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Direct evidence for a dry molten globule intermediate during the unfolding of a small protein.

ABSTRACT: Little is known about how proteins begin to unfold. In particular, how and when water molecules penetrate into the protein interior during unfolding, thereby enabling the dissolution of specific structure, is poorly understood. The hypothesis that the native state expands initially into a dry molten globule, in which tight packing interactions are broken, but whose hydrophobic core has not expanded sufficiently to be able to absorb water molecules, has very little experimental support. Here, we report our analysis of the earliest observable events during the unfolding of single chain monellin (MNEI), a small plant protein. Far- and near-UV circular dichroism measurements of GdnHCl-induced unfolding indicate that a molten globule intermediate forms initially, before the major slow unfolding reaction commences. Steady-state fluorescence resonance energy transfer measurements show that the C-terminal end of the single helix of MNEI initially moves rapidly away from the single tryptophan residue that is close to the N-terminal end of the helix. The average end-to-end distance of the protein also expands during unfolding to the molten globule intermediate. At this time, water has yet to penetrate the protein core, according to the evidence from intrinsic tryptophan fluorescence and 8-anilino-1-naphthalenesulfonic acid fluorescence-monitored kinetic unfolding measurements. Our results therefore provide direct evidence for a dry molten globule intermediate at the initial stage of unfolding. Our results further suggest that the structural transition between the native and dry molten globule states could be an all-or-none transition, whereas further swelling of the globule appears to occur gradually.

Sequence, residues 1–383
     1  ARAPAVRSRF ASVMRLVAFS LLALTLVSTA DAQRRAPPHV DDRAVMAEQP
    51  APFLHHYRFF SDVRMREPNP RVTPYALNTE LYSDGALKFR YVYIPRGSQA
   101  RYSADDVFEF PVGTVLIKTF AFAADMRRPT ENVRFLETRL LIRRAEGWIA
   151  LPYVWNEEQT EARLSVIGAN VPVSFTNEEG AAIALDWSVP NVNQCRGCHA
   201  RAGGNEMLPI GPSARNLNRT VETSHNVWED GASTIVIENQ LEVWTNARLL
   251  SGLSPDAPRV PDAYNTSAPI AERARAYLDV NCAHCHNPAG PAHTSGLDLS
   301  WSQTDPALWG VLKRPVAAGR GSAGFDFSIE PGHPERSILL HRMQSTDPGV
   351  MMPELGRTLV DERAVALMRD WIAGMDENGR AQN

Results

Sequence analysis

PROVIDER: S-EPMC2718347 | BioStudies | 2009-01-01

REPOSITORIES: biostudies

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